Help Clients Formulate Realistic Goals

Setting stretch goals can help clients energize themselves. They rise to the challenge. On the other hand, goals set too high can do more harm than good. Locke and Latham (1984, p. 39) put it succinctly:

Nothing breeds success like success. Conversely, nothing causes feelings of despair like perpetual failure. A primary purpose of goal setting is to increase the motivation level of the individual. But goal setting can have precisely the opposite effect if it produces a yardstick that constantly makes the individual feel inadequate.

A goal is realistic if the client has access to the resources needed to accomplish it, the goal is under the client’s control, and external circumstances do not prevent its accomplishment.

Resources: Help clients choose goals for which the resources are available

It does little good to help clients develop specific, substantive, and verifiable goals if the resources needed for their accomplishment are not available. Consider the case of Rory, who has had to take a demotion because of merger and extensive restructuring. He now wants to leave the company and become a consultant.

INSUFFICIENT RESOURCES: Rory does not have the assertiveness, marketing savvy, industry expertise, or interpersonal style needed to become an effective consultant.

Even if he did, he does not have the financial resources needed to tide him over while he develops a business.

SUFFICIENT RESOURCES: Challenged by the outplacement counselor, Rory changes his focus. Graphic design is an avocation of his. He is not good enough to take a technical position in the company’s design department, but he does apply for a supervisory role in that department. He is good with people, is very good at scheduling and planning, and knows enough about graphic design to discuss issues meaningfully with the members of the department.

Rory combines his managerial skills with his interest in graphic design to move in a more realistic direction. The move is challenging, but it can have a substantial impact on his work life. For instance, the opportunity to hone his graphic design skills will open up further career possibilities.

Control: Help clients choose goals that are under their control Sometimes clients defeat their own purposes by setting goals that are not under their control. For instance, it is common for people to believe that their problems would be solved if only other people would not act the way they do. In most cases, however, we do not have any direct control over the ways others act. Consider the following example.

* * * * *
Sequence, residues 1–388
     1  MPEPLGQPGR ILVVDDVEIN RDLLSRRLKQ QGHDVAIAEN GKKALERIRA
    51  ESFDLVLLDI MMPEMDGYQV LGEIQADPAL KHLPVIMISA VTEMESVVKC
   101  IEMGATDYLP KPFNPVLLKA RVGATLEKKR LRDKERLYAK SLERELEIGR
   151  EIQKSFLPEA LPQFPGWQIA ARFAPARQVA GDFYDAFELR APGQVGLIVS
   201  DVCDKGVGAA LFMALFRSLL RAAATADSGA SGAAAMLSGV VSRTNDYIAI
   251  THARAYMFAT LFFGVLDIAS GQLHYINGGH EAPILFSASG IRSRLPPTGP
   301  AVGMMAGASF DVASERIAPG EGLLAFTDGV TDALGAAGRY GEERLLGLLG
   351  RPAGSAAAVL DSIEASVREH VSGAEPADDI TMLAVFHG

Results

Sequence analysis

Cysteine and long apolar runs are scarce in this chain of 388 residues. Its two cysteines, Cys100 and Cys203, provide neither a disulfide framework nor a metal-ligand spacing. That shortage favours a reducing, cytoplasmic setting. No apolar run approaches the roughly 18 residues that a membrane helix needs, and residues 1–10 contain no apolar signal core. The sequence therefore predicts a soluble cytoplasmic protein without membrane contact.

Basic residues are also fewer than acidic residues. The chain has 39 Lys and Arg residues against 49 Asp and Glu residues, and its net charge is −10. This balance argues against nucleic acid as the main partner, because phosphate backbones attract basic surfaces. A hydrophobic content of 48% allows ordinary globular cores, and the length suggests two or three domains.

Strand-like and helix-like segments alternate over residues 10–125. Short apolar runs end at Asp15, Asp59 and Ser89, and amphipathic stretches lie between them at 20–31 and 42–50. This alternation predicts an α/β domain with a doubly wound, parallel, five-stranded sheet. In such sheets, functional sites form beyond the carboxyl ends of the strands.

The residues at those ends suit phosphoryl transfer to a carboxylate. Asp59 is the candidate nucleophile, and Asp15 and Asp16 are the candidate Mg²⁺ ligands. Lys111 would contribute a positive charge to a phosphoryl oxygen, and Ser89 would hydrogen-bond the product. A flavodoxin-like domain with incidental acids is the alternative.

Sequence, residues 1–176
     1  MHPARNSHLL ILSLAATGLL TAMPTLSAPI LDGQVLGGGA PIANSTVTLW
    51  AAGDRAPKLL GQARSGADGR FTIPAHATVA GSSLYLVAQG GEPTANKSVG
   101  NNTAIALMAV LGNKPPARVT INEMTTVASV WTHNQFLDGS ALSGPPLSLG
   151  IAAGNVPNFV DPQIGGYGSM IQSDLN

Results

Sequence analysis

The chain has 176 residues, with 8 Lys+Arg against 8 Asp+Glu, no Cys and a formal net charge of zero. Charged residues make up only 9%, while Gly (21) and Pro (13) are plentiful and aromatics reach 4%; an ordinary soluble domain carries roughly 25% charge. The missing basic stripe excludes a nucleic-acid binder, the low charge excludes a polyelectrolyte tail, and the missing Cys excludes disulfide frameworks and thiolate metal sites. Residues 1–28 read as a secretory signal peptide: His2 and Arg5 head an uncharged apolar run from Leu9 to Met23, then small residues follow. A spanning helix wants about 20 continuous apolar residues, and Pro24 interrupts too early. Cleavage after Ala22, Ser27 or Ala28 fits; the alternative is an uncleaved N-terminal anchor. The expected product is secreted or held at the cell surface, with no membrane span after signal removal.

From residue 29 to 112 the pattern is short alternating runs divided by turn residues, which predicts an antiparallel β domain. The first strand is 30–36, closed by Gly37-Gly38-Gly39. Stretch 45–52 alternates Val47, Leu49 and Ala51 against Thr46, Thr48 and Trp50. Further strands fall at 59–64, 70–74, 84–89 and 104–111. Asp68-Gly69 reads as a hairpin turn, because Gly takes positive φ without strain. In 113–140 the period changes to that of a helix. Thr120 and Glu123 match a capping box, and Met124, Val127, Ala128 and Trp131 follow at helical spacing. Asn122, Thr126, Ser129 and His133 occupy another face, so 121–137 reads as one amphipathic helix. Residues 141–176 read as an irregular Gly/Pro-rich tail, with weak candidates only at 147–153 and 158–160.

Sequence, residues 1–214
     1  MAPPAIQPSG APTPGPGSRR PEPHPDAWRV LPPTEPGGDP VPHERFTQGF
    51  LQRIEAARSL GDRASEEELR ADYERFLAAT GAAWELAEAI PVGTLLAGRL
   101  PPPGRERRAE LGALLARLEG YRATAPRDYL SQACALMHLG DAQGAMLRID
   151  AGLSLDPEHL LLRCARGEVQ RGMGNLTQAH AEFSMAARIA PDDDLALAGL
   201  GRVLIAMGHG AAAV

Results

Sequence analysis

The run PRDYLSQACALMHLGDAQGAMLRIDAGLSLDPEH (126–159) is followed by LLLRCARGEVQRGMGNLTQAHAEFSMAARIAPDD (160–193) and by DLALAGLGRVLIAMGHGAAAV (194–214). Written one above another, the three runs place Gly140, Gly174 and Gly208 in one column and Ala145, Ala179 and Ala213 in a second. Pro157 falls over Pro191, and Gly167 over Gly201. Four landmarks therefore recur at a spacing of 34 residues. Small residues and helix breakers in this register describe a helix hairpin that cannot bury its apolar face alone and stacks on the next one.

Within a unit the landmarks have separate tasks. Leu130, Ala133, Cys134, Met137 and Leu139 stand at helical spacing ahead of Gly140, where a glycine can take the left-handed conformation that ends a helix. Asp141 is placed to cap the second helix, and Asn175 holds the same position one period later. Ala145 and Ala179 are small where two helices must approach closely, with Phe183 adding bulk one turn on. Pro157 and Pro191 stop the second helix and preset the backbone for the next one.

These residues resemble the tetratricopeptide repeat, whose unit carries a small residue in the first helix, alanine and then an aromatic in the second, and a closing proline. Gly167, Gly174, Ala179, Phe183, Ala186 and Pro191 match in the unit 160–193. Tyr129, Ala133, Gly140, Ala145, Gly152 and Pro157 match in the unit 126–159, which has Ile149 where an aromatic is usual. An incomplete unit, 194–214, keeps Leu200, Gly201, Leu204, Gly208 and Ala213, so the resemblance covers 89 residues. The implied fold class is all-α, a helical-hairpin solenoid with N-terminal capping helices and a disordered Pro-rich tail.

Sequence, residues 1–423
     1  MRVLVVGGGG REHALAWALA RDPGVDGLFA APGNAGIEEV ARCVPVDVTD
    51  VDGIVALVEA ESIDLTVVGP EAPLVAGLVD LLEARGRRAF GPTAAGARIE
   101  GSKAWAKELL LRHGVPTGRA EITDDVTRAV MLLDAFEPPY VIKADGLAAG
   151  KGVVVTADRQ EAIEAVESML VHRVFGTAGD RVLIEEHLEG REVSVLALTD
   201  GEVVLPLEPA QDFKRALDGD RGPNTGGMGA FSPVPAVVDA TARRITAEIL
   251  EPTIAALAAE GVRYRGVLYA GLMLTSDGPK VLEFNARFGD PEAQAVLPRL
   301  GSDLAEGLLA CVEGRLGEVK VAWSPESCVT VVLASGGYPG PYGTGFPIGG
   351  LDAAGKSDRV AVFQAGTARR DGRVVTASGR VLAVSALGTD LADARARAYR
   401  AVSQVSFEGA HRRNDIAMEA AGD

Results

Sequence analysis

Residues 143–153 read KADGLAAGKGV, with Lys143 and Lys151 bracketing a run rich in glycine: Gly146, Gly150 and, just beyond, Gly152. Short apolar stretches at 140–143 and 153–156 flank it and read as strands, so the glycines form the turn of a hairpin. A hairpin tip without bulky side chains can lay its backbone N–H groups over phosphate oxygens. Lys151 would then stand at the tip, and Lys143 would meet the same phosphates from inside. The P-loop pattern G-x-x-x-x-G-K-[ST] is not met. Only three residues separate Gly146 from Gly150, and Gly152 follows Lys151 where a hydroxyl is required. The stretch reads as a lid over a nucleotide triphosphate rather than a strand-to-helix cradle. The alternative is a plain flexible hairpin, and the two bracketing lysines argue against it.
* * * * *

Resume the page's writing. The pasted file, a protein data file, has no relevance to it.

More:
Tony, a 16-year-old boy, felt that he was the victim of his parents’ inability to relate to each other. Each tried to use him in the struggle, and at times he felt like a Ping- Pong ball. A counselor helped him see that he could probably do little to control his parents’ behavior but that he might be able to do quite a bit to control his reactions to his parents’ attempts to use him. For instance, when his parents started to fight, he could simply leave instead of trying to “help.” If either tried to enlist him as an ally, he could say that he had no way of knowing who was right. Tony also worked at creating a good social life outside the home. That helped him weather the tensions he experienced when at home.

Tony needed a new way of managing his interactions with his parents to minimize their attempts to use him as a pawn in their own interpersonal game. Goals are not under clients’ control if they are blocked by external forces that they cannot influence. “To live in a free country” may be an unrealistic goal for a person living in a totalitarian state because he cannot change internal politics, nor can he change emigration laws in his own country or immigration laws in other countries. “To live as freely as possible in a totalitarian state” might well be an aim that could be translated into realistic goals.

Mara may be able to influence her father’s attitudes and behavior, but she cannot change his attitudes and behavior. Only he can do that. Carlos helps her see that she might have to set a pre-goal. She can hardly negotiate with him unless he commits himself to some kind of reasonably open dialogue—“Father, I know how you feel and maybe even have some idea why you feel the way you do, but I’d still like to talk more openly.” Her pre-goal goal, then, is to get him to commit to that kind of conversation. How to negotiate that kind of commitment is another matter.

 
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